It is a poem of joyfulness and merriment in sight and sound. Sometimes, as in this poem, it is hard to determine how best to depict reality—and whether, for the sake of the poem, to draw distinctions between what seems to be and what is. In this narrow slot, only a very few extremely skilled poets excel and write their poems out of a genuine intimacy with all things of this world. In the hands of lesser talents, it comes off as nothing but sheer artifice—unnatural.

The tenderness toward all things of this world is shown in the next poem which comes out of the Japanese custom of bathing out of doors in a tub on hot nights.

There is no place               
          to throw the used bath water.
Insect cries!     
                                            —Onitsura

[Henderson, op. cit., p. 80]


From this sampling of the work of a few of Basho’s followers, and from the sampling of Onitsura’s work, we can surmise what Basho meant when he warned his student not to be like a musk melon cut in two identical halves. Though some fine poems were written under Basho’s guidance, in almost no instance do they improve upon or explore beyond the Master’s work. Insofar as Kikaku maintained his individuality, his poems have a flavor distinct from Basho. Probably this is why Basho derived pleasure from Kikaku’s role of the enfant terrible of his disciples: he was an independent.

Onitsura, who did not follow in Basho’s path, comes to us as a fresh breeze. His work has a lightness and verve that was akin to what Basho sought in his last years of writing. What Onitsura may lack in depth is compensated for in his new directions and in the potential for another kind of haiku, one of elegance and delicacy, one with humor.

Influences both positive and negative affected the changing face of haiku over the half-century before Buson entered upon the scene. As a result of the watered-down poetry by those incapable of meeting Basho’s standards, haiku suffered an inevitable collapse—the bird had hit the tree! And as the 18th century opened on a flood of poor haiku, the reactive swing of the poetic pendulum was toward parodies of haiku that ultimately brought senryu into being. Having had its fill of “nature” poems, the lively cosmopolitan bourgeois society of the Genroku (1677-1704) and Horeki (1751-1764) Periods turned its back on them to write, instead, poems featuring people.Thus:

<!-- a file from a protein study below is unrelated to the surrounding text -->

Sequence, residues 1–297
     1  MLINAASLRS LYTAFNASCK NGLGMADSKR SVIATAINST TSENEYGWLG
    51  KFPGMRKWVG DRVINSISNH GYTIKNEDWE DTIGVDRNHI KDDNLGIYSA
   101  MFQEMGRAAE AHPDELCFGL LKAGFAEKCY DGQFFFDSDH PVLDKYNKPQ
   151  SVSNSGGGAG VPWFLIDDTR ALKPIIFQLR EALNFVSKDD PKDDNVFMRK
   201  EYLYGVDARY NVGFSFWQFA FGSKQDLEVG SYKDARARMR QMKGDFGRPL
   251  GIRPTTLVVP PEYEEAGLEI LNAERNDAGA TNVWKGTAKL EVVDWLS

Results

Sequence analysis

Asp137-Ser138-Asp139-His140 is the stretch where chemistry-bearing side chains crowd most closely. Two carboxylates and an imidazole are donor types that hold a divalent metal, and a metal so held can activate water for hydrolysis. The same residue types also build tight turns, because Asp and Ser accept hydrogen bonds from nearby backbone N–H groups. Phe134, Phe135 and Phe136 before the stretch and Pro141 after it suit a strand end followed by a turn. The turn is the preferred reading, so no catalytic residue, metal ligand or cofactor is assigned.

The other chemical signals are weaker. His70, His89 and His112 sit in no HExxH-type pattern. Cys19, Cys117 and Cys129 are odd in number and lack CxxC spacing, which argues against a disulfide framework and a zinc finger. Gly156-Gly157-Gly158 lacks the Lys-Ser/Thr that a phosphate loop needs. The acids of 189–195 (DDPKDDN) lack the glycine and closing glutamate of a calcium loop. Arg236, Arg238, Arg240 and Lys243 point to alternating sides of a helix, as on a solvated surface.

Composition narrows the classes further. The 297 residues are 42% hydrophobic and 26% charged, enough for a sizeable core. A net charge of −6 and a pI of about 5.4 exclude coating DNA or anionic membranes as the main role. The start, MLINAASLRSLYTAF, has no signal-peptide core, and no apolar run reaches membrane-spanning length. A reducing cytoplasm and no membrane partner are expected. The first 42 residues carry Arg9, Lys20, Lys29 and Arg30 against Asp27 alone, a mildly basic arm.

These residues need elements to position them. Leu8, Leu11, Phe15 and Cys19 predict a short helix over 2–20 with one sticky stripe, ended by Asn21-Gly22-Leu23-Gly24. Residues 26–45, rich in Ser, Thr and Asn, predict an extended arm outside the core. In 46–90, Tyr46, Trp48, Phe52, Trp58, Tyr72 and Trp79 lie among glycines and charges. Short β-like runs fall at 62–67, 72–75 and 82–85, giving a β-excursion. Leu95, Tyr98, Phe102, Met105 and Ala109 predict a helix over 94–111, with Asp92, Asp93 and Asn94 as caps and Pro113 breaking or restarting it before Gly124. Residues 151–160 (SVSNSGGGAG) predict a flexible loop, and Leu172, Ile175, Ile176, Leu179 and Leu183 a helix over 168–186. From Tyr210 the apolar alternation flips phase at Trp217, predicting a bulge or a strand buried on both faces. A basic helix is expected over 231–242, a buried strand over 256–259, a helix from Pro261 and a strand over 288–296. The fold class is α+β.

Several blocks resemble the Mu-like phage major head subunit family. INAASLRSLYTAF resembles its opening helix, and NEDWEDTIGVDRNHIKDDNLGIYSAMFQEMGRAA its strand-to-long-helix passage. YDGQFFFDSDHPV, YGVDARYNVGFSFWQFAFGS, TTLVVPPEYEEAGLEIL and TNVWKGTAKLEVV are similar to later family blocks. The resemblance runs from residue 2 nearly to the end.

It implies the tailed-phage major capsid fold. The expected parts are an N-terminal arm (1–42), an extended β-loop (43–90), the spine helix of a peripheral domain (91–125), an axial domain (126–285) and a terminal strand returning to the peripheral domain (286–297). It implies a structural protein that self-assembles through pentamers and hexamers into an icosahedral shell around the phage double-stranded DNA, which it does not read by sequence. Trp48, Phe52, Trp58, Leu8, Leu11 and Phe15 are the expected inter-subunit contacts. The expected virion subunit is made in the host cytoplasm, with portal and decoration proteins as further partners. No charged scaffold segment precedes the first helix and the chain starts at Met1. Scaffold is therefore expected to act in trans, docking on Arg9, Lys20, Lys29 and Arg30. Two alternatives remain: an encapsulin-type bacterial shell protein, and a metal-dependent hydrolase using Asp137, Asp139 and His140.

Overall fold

Upside down               
                    She rubs and scours herself
With washing powder. 
                                                                   —Anon. senryu (early 18th century)

[Blyth, op. cit., Japanese Life, p. 31]

which is a parody of Kikaku’s haiku

Head down, the nightingale
Is singing its first song.
                                     —Kikaku

[Miyamori, op. cit., p. 253]


The following parody draws a bead on haiku’s then-current sterility:

The love-potion;                 
          Waiting, waiting, for its effect,
The year draws to its close.
                                                                —Anon. senryu (early 18th century)

[Blyth, op. cit., Japanese Life, p. 37]

That last line “The year draws to its close” was incorporated into many haiku. This is just the sort of overlapping which continues to cause confusion among poets today as they attempt to distinguish a haiku from a senryu without a working knowledge of the origins of senryu--without the realization of the purpose these incorporated phrases serve. Hence the inclusion of some nature reference in a senryu can lead poets to falsely assume that therefore, the poem is a haiku. The test, therefore, is where does the emphasis of the poem lie in this particular poem? I stated in the Introduction to my book One Potato Two Potato Etc: “Simplistically speaking, if it is man within the world, it is haiku. If it is the world within the man, it is senryu.” [Anita Virgil, One Potato Two Potato Etc (Forest, Va. Peaks Press, 1991)]